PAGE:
Genesis offering free virtual programs to activate hope, healing
By Lori Szepelak, Westfield News
INTRODUCTION: Given the Massachusetts Governor’s mandate to close all non-essential businesses, Genesis Spiritual Life and Conference Center, sponsored by the Sisters of Providence, closed its doors temporarily on March 24. Despite having to layoff 8 part-time staff members, Liz Walz, executive director (who is an SP Associate), and her key staff kept working to adapt their programming to function virtually, for example, during the Easter Triduum. The following presents excerpts from a news story appearing in the Westfield News and written by Lori Szepelak on April 17, 2020.
Szepelak began by describing a unique virtual offering planned for April 18, 2020 to help area residents move from a sense of overwhelm and immobilization regarding the climate crisis and the pandemic, to a hopeful perspective with practical action steps. Called “Active Hope: The Spiritual Journey of Facing Climate Change—and Pandemic,” participants were be able to access the program through Zoom. Freewill offerings were made.
Westfield News Excerpts
“The challenges of the environmental and social disruptions of climate change are hard enough,” said Liz Walz, ASP, executive director of Genesis. “Now we are in the midst of an unprecedented (in our time) pandemic. How do we find our way through?” Walz explained the workshop offered an emotional and spiritual path that enables us to transform fear and despair into a sense of empowerment and clear action.
“Our feelings of pain and grief and fear are not meant to be borne alone,” said Walz. “There is no more important time than right now to come together to support and renew in community.”
“Our feelings of pain and grief and fear are not meant to be borne alone. There is no more important time than right now to come together to support and renew in community.”
-Elizabeth Walz, ASP Executive Director, Genesis Spiritual Life and Conference Center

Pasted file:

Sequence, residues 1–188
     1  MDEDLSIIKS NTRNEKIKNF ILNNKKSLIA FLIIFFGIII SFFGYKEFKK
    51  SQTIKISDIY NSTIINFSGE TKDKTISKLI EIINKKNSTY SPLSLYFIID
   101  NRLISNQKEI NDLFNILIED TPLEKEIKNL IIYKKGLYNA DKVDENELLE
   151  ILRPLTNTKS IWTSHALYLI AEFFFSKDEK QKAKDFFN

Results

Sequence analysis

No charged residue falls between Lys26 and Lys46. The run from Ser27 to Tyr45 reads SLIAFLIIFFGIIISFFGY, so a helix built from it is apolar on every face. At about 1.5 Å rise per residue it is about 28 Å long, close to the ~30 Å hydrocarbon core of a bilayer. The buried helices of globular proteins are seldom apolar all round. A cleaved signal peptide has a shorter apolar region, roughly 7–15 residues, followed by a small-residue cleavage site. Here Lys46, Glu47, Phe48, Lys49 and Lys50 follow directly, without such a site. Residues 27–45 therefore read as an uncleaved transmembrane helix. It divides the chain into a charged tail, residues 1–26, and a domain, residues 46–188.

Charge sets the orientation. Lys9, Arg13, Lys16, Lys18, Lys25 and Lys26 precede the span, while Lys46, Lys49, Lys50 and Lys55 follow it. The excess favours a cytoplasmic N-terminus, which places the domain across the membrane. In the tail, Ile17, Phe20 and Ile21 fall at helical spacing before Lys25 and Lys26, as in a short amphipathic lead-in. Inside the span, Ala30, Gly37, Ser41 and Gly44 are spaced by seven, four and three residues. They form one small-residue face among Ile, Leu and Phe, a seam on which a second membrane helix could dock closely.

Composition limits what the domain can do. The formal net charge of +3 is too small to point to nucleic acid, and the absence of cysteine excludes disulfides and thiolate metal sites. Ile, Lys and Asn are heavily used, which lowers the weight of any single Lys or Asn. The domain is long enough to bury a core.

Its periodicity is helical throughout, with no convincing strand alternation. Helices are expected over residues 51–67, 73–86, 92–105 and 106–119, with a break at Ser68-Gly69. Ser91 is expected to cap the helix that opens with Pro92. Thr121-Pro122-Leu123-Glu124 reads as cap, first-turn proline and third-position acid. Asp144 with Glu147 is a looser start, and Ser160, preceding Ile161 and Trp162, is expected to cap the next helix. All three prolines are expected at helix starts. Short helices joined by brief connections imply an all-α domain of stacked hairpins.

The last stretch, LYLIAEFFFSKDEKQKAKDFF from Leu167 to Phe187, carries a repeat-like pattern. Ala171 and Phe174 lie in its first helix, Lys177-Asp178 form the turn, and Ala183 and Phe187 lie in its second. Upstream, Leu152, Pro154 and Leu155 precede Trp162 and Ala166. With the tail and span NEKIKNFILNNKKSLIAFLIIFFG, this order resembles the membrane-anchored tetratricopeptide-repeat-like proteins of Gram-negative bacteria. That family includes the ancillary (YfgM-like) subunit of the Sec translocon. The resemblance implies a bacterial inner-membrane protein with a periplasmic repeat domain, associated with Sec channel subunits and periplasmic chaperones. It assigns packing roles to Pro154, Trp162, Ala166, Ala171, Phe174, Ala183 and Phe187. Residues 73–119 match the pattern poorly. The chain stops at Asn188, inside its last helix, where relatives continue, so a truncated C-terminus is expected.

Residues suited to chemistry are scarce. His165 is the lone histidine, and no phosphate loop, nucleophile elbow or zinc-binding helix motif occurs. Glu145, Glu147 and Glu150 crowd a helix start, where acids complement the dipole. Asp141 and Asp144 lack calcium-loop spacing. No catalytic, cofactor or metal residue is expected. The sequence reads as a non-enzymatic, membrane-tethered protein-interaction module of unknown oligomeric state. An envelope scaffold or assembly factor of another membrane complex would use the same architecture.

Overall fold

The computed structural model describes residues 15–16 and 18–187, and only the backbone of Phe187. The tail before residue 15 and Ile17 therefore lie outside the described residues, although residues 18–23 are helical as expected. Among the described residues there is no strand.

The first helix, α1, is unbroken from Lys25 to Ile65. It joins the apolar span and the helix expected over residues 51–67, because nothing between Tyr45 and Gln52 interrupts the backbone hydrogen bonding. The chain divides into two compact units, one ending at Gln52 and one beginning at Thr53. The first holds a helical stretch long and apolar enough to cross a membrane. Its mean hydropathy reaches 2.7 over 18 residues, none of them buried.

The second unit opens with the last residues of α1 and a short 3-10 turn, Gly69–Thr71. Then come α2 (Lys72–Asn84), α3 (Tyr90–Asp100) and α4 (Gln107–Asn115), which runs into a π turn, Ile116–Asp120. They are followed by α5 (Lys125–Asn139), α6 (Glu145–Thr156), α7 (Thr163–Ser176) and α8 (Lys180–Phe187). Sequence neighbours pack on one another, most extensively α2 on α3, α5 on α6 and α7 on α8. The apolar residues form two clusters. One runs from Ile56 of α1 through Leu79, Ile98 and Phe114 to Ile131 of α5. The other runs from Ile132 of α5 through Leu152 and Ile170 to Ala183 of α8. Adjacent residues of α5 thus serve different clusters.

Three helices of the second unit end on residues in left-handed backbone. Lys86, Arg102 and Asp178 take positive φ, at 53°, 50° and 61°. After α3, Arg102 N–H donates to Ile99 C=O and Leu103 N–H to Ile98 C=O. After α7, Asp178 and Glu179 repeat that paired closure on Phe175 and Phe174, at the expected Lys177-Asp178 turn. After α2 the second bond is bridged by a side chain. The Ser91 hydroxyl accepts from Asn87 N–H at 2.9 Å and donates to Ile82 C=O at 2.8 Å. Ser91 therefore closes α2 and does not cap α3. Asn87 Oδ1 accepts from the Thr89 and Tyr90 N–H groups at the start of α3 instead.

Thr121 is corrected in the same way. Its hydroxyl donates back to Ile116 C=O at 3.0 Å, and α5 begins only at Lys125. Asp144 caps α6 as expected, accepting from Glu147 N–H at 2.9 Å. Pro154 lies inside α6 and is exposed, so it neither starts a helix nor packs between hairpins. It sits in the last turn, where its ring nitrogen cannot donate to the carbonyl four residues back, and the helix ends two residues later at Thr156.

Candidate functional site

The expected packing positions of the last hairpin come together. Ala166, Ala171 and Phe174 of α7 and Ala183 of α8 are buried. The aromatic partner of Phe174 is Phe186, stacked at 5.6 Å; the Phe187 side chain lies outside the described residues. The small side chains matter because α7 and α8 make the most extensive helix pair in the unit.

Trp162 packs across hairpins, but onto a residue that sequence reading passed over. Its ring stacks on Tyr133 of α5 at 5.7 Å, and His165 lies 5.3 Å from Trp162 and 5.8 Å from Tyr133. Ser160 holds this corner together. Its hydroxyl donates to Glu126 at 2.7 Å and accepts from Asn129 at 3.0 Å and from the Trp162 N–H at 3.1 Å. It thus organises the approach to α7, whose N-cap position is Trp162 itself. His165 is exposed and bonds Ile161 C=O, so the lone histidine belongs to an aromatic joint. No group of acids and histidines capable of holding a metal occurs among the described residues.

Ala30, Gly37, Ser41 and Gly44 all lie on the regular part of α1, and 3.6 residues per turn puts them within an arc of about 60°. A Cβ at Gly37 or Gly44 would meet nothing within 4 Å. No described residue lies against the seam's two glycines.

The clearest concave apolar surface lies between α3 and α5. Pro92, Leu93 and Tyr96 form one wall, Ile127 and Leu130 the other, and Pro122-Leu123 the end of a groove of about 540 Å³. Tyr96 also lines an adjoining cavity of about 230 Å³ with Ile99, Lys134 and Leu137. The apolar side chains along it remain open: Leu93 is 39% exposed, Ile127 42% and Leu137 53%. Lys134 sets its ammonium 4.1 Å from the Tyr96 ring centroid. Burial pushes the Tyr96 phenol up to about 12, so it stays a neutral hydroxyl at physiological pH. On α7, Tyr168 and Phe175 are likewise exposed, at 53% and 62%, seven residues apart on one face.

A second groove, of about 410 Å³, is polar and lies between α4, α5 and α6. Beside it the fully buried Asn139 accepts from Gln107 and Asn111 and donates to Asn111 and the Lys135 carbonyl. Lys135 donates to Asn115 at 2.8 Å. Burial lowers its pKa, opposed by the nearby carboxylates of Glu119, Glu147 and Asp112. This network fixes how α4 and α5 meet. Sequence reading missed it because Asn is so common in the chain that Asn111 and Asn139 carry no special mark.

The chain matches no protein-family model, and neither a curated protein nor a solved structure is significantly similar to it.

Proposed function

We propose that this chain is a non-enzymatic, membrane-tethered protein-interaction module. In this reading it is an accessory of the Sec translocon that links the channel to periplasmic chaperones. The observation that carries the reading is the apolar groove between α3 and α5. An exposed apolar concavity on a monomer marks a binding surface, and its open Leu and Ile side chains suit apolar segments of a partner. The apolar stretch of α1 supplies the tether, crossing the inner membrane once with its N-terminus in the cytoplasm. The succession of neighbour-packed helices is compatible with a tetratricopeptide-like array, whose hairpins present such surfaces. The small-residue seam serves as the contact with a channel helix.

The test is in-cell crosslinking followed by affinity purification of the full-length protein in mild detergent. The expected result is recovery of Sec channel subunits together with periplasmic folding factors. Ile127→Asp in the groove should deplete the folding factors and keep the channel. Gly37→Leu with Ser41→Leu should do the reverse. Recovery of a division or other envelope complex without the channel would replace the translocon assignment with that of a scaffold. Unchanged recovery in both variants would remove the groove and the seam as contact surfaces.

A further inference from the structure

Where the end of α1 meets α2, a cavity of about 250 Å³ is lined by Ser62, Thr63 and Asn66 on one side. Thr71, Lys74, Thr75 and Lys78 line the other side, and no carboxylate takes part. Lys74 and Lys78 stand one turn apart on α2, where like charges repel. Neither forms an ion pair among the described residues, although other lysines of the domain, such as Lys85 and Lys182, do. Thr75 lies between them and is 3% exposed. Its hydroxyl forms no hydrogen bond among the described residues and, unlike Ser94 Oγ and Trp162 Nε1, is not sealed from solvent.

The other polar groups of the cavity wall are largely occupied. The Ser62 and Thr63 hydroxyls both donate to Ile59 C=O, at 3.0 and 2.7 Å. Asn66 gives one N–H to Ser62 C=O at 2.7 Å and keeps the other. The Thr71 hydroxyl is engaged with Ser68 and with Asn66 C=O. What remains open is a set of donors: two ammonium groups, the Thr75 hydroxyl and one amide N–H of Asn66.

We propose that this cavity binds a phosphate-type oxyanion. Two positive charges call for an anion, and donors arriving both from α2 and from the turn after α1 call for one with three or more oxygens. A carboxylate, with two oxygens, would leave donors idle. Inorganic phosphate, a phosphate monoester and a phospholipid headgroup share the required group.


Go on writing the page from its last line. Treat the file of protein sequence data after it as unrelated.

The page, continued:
Verne McArthur, a retired college teacher, as well as activist, workshop leader, singer and song leader, led the program, along with Dan Kivel, an educator, naturalist and musician.
“These challenges offer openings for profound spiritual community growth which can help heal ourselves and the world,” said Walz. “We use the approach of Joanna Macy—over 50 years in the making—called The Work That Reconnects, to face the difficult feelings of the present moment and to build the spiritual strength to participate in the healing of the world….”
Walz noted that through the facilitators, McArthur in his 70s and Kivel in his 30s, participants …(were) able to take advantage of an “intergenerational look” at this time of profound change. On a related note, Walz…joined by several spiritual directors to lead free meditation programs seven days a week at 7 a.m. and 7 p.m. Once again, participants…access the program through a Zoom link by registering on the Genesis website. Walz calls the program “Heart-Centered Meditation: Soul Connection in a Time of Social Distancing” which runs approximately 35 minutes with optional sharing afterwards.
“In this time of pandemic and social isolation, I knew many people were feeling disoriented, anxious, sad, scared and even angry,” said Walz. “And, I was confident that spiritual practice and sharing with others would help transform people’s experience of their situation—and it has.” Walz added that one’s ability to meet with people as we have been accustomed to doing has been “radically altered” and she understands that meaningful connection with others facilitates “hope and healing.”